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Washington prepares to leave Mount Vernon-He visits Fredericksburg, to

take leave of his Mother-He departs for New York-The Journey-Tri-

umphal Arch at Trenton-Reception at Elizabethtown-Arrival and wel-

come at New York-Installation of Washington as First President of the

United States---He declines Compensation for his Services-Illness and

Recovery--Debate on Titles-Death of the Mother of Washington-Organi-

zation of the Departments--Washington makes a Tour through the Eastern

States---The Seat of Government is removed from New York to Philadel-

phia-Establishment of a National Bank-Washington Visits the Southern

States-Development of Factions-He desires to retire at the close of his

term of Administration-Is induced to serve a second time--Re-inaugurated

President of the United States-The French Revolution-England declares

War against France-Washington issues a Proclamation of strict neutrality

- Opposition and Enmity--M. Genet’s Arrival and Assumption--Washington

requests his Recall-Relations with England—Jay's Mission--Opposition to

the Tax on Distilled Spirits-Proclamation to the Insurgents-Calling out of

the Militia-- Restoration of Peace--Jay's Treaty--Its Ratification-Resigna-

tion of Randolph, Secretary of State-Washington's Private Life-Descrip-

tion of his Appearance on State Occasions--Imprisonment of Lafayette-

Washington's Successful Intercession in his behalf-Washington's Farewell

Address—Election of John Adams—Washington returns to Mount Vernon-

His Life in Retirement.---Difficulties with France--Washington appointed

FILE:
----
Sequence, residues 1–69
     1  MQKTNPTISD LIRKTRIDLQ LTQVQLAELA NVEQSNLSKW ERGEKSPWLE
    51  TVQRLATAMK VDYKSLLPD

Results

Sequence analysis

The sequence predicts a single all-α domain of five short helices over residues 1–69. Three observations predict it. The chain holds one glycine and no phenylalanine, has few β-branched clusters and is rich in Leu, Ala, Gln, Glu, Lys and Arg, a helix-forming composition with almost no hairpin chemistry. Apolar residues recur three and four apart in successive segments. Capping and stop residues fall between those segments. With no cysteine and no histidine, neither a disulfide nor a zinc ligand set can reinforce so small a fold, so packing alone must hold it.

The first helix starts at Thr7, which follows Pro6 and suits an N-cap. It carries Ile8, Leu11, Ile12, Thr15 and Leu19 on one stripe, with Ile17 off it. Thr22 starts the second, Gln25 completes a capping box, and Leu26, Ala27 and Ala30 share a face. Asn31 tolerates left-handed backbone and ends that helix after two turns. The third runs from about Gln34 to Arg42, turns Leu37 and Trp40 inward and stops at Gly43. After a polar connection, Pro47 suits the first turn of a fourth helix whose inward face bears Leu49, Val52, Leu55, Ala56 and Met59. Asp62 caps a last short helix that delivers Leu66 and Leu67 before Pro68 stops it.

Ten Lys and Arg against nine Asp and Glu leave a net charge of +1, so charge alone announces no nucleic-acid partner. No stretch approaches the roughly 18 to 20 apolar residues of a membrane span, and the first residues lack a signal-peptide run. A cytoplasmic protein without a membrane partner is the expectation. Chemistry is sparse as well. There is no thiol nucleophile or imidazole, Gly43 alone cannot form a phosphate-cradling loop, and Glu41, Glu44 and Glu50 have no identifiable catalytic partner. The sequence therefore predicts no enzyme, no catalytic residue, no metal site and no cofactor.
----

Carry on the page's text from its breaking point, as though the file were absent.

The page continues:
Commander-in-Chief-He returns to Philadelphia to organize the Army—

Interview with Dr. Logan–Napoleon-Terms of Accommodation at Paris-

Washington at Mount Vernon-His Last Illness--His Death-His Character.

LIFE OF WASHINGTON.

CHAPTER I.

Birth and Death of Great Men--Ancestry of George Loss of his Father--Sent

to District School-Early History-Appointed Surveyor-Forest Life-Goes to Barbadoes with a Sick Brother--Appointed Major over the Militia-Sent a Commissioner to the French-Account of his Perilous Journey.

NATURE is not lavish of prodigies, and when she gives us one in the human species, men are always expecting she will indicate it by some outward sign. A lioness must cast her whelps in the streets when a monster is born--some convulsion of the earth, or strange appearance in the heavens, give token when a great soul has arrived on the earth, whose life is to change the current of history. We love to associate mysterious phenomena with strange and mysterious men. When Cromwell's stormy spirit was passing from this troubled sphere, the enraged winds and waves strewed the English coast with stranded vessels. As Napoleon lay struggling in the last throes of mortal life, the sea rose with a thundering sound over its barriers, as if striving to reach the spot where the great sufferer lay.

But no such violent changes of nature heralded the birth or accompanied the death of Washington.

Serenely like the sun, as if in harmony with the universe, he arose on the world—so bright and undimmed he moved over the firmament, and without a cloud to dim his splendor sunk gloriously to rest.